Three statistics worth reviewing on the state of the mission of Jesus include:
Globally, the percentage of the world’s population that have become Christian remains about the same
Most churches stall-out after the first generation
Few churches plant churches
A natural question to ask is “why?” – “Why do disciplemaking + church planting movements stall out?” Here are 10 markers that you might have observed:
Convoluted understanding of what is going on in the world – this goes beyond “vision”, it has more to do with a relevant approach to making disciples that results in disciples making disciples + new churches planting churches.
Stories from the good ‘ol days – recent stories of disciplemaking + church planting are non-existent.
Church decline – the current models of disciplemaking + church planting have attracted the low lying fruit and it is no longer an issue of “working harder & smarter!”
Financial mismanagement – more and more money is going to “church consumer-like” expenditures in exchange for disciplemaking + church planting efforts.
Relational disengagement – apprentices of Jesus have stopped gathering in small groups or the groups they are meeting in have lost a missional focus.
Theological apathy – an underlying theological bias that over-shadows or dismisses the need for a Savior-Redeemer.
Ego-driven leadership – more attention is garnered by the personality of the leader than the pursuit of genuine Kingdom fruit.
Celebrations cease – achievements are celebrated that have little to do with the Gospel of Jesus and the making of disciples.
Faulty missiology – such as:
an “either-or” orientation to mission e.g. local OR global mission
an “either-or” orientation to growth e.g. church growth (quantitative) OR church health (qualitative)
an “either-or” orientation to outreach e.g. attractional OR missional
Apostate teaching – Gospel-centric focus has been lost in the cultural distractions of secular thinking
This is certainly not meant to be an exhaustive list. But it does capture some of the essential reason that stall-out disciplemaking + church planting movements, from my experience. You probably have others that you would include in the list…
I’d love to read some of your views.
Does this match-up with your experience?
Please continue the conversation below and feel free to share this with you friends.
Following are three observations “from the trenches” that are worth paying attention to if you have any interest, or concern over disciple-making movements. This is real data extracted from reliable resources. My goal is to clearly state the problem.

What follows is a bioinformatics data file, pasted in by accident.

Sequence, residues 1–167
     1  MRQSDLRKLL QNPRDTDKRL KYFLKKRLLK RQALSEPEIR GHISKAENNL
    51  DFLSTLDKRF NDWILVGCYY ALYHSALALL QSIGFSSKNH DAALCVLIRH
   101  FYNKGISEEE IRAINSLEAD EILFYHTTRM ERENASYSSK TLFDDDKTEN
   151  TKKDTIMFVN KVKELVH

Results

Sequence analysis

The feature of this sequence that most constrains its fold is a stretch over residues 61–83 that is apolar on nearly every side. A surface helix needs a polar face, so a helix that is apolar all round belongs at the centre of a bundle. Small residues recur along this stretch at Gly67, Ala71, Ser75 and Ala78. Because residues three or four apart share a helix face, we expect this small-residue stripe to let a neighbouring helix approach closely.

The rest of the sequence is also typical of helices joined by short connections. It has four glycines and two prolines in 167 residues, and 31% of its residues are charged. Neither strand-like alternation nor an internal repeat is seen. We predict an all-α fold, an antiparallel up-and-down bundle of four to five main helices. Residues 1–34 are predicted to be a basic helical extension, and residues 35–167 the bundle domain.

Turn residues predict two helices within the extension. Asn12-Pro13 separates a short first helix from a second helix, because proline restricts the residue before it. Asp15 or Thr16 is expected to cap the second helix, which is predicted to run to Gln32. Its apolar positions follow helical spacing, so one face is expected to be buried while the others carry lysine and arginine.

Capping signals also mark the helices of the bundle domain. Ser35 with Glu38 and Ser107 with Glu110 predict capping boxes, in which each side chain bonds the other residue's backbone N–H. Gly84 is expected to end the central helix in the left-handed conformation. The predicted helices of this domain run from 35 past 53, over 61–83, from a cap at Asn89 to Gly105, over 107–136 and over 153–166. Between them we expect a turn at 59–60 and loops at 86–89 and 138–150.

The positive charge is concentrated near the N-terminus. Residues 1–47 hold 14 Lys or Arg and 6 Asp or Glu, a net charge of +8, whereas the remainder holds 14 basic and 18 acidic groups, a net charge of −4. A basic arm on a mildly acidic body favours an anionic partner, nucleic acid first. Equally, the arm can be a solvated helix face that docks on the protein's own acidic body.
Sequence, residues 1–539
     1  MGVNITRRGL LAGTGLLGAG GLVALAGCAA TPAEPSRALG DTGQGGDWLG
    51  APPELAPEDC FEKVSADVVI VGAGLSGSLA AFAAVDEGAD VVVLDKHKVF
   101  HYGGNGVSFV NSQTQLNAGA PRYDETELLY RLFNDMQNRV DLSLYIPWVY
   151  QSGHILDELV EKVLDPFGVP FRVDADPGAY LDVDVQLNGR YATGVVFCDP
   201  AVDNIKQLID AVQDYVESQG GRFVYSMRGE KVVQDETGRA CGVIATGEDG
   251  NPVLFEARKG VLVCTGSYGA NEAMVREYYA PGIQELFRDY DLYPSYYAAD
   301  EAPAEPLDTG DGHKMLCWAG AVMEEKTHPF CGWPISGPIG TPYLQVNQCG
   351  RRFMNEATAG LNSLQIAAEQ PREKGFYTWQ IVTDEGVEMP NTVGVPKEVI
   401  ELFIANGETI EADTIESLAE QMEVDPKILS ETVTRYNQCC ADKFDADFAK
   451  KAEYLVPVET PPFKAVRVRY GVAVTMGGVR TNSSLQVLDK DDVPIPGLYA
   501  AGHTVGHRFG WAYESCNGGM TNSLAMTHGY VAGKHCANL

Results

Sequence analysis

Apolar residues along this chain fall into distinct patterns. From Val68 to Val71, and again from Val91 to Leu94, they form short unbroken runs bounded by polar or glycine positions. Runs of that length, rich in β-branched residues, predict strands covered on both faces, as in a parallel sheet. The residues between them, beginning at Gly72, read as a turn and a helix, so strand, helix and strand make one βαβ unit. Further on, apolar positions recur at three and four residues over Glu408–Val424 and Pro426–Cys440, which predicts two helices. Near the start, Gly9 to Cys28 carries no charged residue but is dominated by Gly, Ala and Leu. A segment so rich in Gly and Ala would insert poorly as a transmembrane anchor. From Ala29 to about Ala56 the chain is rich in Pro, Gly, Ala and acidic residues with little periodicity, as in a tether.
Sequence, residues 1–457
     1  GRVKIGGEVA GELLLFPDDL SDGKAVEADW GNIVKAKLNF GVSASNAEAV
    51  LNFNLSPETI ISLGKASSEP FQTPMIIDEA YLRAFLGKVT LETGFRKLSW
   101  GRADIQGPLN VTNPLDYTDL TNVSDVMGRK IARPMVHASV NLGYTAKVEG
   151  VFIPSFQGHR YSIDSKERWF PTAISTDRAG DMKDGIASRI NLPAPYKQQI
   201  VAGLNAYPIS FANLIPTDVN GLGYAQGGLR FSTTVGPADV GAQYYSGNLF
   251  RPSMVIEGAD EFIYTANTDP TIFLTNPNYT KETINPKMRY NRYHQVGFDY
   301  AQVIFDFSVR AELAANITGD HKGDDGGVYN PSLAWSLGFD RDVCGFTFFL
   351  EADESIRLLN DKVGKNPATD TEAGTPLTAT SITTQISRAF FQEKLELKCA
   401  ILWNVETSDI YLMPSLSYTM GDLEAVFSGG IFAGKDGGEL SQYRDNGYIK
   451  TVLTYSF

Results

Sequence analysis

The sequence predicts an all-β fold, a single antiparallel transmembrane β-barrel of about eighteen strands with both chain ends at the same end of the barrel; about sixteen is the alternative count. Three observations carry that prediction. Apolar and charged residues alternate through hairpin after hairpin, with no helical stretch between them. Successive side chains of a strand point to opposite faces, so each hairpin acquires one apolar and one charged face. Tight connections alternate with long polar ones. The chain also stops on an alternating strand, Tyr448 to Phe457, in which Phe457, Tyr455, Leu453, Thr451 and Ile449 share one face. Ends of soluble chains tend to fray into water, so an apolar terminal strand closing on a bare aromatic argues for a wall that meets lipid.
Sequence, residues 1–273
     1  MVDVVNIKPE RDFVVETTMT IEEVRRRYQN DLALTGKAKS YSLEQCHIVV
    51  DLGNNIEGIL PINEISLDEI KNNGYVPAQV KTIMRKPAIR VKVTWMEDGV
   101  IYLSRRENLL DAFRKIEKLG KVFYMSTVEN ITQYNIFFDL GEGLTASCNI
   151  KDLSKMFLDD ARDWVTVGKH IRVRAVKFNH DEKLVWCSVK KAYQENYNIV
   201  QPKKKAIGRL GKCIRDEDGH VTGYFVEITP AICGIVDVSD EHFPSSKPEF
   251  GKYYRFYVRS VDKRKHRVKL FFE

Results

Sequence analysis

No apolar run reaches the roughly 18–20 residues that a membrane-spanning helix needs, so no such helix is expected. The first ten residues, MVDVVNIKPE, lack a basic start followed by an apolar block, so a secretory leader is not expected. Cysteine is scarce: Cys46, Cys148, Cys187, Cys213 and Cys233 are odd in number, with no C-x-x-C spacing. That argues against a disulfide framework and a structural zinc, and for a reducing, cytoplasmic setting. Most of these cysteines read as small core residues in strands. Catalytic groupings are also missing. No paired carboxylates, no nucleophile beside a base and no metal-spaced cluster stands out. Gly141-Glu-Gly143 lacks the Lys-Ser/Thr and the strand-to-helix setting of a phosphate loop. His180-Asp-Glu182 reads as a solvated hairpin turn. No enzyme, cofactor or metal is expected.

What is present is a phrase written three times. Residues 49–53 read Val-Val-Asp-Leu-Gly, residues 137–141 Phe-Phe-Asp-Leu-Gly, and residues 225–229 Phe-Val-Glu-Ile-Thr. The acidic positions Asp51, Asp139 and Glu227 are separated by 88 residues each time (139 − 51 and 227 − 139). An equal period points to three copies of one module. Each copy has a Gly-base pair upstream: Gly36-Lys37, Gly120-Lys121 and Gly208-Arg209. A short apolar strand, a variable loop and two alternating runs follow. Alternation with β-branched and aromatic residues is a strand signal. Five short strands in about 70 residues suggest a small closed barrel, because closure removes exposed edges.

I hope you find the information helpful as we continue the mission of Jesus to make disciples…
Globally, the percentage of the world’s population that have become Christian is about the same today as it was 100 years ago
Approximately 32% of the global population was Christian in 1910 vs. 35% in 2010. The research also shows there has been a shift regionally, which is interesting to note; lower percentage of Christians in Europe and the Americas vs. an increase in Sub-Saharan Africa and Asia Pacific, while the Middle East-North Africa has remained about the same – see Global Christianity – A Report on the Size and Distribution of the World’s Christian by The Pew Research Center.
Most churches stall-out after the first generation
80% of the churches in the US have plateaued or are in decline.
Most disconcerting is that of the new churches planted in 2012; only 22% had started at least one daughter church within 5 years of existence – see Multiplication Today, Movements Tomorrow by Ed Stetzer & Daniel Im (p.14).
Mac Lake suggest that only 4% of churches ever reproduce
Hirsch and Catchim tell us that the church in the US spends over $70 billion every decade on church plants and resources; but even so “we are experiencing decline in adherence and membership at an unprecedented rate” – see Beyond the Local Church by Sam Metcalf (p. 159).
This raises an important question: “With the heightened awareness of church planting as the most fruitful, God-given strategy to reach people far from Him, in combination with the resources (conferences, books and service) available; why aren’t churches able to make the shift missionally?” See Multiplication Today, Movements Tomorrow by Ed Stetzer & Daniel Im.
Here is my attempt to state the problem of the church in the US today:
The current way we make disciples, do church & plant churches has attracted the low-lying fruit therefore,
we must introduce new ways to make disciples, do church & plant churches.
In the upcoming blogs I will reflect a bit more on these three statistics and identify the signs that lead to Movement Drift.. If it were easy, I believe we would have already figured it out with out human ingenuity. I believe the solution lies not in our capacity to think through the solution but in our reliance on the wisdom and power of the Holy Spirit first and foremost.